Motherhood is one of the only jobs you can have in the world where you literally have to be responsive and responsible 24 hours a day, including managing night feedings, diaper changes, bed time tantrums, nightmares, bed wetting accidents, comforting a child because of scary dreams and coping with illnesses. During the daytime hours, mothers find themselves preparing meals, packing school supplies and lunches, dispensing allergy medications and carpooling to school, early dismissals and school events. The mid-shift rolls around and includes after school activities and practices like soccer, baseball, lacrosse, dance, swimming lessons, etc. followed by dinner preparation, overseeing homework, doing dishes and laundry and keeping the children on schedule with baths and bed time. Once those tasks are complete, it's time to do it all over again as you prepare for the next day's activities and responsibilities.
So why is it that when moms say they need a break they often hear the following comments:
• You will miss your children when they are gone.
• Be thankful that your children are healthy.
• I did it and didn't have... your house, money car, etc.
• You need to be more organized.
• Motherhood is a gift.
• That's impossible!
On the other hand, if a woman tells others about a stressful day she's had at her workplace she will likely be given empathy and provided with solutions to solve her issues. The same doesn't seem to hold true in motherhood. Mothers are expected to take stress on the chin and "suck up" their anxieties because it is an indictment on them and in some way implies they are doing something wrong. If they cry for help on a disappointing day, it suggests they aren't a "good enough mother." If they say they need some time to themselves, it somehow implies they are being selfish. Right? Not true!
I am the mother of three children ages 9, 12 and 15. I believe in taking care of myself so that I can be a great mother to my children. Almost 16 years ago, I began a process of intentional self-care where I would spend 90 minutes a week away from my husband and children to get clear about me. I've also taught thousands of other mothers how to do the same in my Time for Mom-Me™ support groups. I have hosted over 283 of these groups nationwide, helping moms build a foundation for their own self-care in motherhood, which most often is non-existent. The stigma of self-care and motherhood has kept moms from having a blueprint or examples of how other mothers take care of themselves.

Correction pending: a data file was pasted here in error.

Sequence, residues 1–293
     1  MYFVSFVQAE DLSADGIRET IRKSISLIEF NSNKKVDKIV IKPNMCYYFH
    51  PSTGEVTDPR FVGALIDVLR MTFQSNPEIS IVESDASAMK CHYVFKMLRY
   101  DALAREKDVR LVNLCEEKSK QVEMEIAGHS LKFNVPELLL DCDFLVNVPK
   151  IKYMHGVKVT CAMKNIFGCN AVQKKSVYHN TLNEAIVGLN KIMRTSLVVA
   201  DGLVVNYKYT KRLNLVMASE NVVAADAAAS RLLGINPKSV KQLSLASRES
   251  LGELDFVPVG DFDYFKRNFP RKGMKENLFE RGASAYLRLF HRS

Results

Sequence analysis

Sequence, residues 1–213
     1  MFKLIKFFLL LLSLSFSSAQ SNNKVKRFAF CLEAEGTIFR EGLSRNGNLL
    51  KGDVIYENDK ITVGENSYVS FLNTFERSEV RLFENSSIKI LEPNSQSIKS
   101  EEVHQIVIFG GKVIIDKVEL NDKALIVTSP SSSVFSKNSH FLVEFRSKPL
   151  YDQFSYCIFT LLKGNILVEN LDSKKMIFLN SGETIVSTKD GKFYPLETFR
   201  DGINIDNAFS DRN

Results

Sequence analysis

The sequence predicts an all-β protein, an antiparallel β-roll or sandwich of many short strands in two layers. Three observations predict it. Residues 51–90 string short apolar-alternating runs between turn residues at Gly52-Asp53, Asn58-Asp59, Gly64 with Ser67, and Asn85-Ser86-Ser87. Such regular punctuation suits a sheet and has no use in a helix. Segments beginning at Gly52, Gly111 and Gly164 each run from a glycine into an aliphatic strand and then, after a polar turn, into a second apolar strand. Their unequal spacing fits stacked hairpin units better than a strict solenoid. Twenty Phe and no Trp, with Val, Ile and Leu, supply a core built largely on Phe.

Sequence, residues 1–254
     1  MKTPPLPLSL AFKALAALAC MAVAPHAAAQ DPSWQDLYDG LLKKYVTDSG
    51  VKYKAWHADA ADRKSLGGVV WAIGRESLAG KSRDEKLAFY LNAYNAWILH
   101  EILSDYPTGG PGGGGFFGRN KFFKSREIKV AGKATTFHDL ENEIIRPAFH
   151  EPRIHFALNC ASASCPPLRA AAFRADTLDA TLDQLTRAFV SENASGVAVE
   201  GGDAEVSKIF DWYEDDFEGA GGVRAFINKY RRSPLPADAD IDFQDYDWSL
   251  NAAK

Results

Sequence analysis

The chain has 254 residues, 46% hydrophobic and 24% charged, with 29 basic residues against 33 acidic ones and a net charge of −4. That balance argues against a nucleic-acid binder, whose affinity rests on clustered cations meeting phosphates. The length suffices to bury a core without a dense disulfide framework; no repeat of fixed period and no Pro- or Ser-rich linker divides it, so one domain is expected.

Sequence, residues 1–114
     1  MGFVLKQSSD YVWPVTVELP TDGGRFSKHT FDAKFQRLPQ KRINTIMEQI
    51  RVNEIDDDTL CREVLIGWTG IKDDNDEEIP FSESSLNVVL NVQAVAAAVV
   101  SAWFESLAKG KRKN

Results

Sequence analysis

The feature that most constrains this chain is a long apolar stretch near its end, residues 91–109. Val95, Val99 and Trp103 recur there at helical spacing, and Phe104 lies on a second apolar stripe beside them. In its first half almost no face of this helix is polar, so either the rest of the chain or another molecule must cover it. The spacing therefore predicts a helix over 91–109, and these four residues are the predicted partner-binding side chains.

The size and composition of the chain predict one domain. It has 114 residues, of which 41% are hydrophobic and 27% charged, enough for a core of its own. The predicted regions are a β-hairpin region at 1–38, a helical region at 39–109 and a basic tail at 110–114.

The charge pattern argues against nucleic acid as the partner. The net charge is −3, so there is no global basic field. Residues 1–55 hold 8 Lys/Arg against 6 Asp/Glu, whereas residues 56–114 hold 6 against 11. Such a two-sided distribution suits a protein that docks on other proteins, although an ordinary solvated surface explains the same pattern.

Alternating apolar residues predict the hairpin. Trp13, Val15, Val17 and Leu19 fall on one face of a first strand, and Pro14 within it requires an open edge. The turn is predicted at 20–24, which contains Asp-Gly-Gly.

I started my journey of self-care when I was just six months pregnant with my first child. My mother sat me down and told me that she wanted me to always stay connected to my own needs, goals, plans and dreams while being a mom. My mom had gotten lost in motherhood and knew that giving everything to her own children was great for us, but it left her without the ability to pursue her interests, nurture her friendships, improve her self-esteem and share life-enriching hobbies with her children. She is a great mother who realized that her ability to grow with her amazing children was stalled by her lack of investment in herself. She did not want that to continue in my family. She asked me to "date myself every week in motherhood." I honored her request.
I have learned the following from "dating myself" over the past 16 years:
• If you don't make your own self-care a priority no one else will. I had to state what I needed to de-stress and not expect anyone to give me permission to take care of myself.